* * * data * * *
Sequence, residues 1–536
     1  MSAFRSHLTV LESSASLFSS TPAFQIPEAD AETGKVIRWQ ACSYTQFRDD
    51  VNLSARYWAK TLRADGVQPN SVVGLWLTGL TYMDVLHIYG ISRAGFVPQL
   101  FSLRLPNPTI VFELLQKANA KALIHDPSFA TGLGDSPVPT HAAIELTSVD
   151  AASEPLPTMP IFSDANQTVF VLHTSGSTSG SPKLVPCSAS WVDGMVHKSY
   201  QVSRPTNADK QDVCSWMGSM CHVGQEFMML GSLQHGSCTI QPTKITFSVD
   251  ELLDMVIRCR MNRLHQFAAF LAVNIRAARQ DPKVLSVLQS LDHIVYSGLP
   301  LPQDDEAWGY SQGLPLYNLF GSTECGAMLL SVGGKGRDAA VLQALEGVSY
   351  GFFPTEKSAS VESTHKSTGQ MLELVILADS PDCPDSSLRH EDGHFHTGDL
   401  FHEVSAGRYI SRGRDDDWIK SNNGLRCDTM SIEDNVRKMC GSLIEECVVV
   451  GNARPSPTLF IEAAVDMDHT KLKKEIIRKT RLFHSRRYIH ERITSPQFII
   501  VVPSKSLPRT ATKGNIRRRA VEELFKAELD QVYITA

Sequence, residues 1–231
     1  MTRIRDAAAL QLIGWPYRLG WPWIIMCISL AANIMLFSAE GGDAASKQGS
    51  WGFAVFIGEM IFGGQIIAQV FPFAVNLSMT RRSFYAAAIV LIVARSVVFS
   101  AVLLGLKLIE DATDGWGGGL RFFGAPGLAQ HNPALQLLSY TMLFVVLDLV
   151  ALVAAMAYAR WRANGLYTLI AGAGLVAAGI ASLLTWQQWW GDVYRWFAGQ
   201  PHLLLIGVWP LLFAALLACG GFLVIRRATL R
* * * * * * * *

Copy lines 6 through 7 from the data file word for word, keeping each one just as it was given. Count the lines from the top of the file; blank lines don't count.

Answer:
   201  QVSRPTNADK QDVCSWMGSM CHVGQEFMML GSLQHGSCTI QPTKITFSVD
   251  ELLDMVIRCR MNRLHQFAAF LAVNIRAARQ DPKVLSVLQS LDHIVYSGLP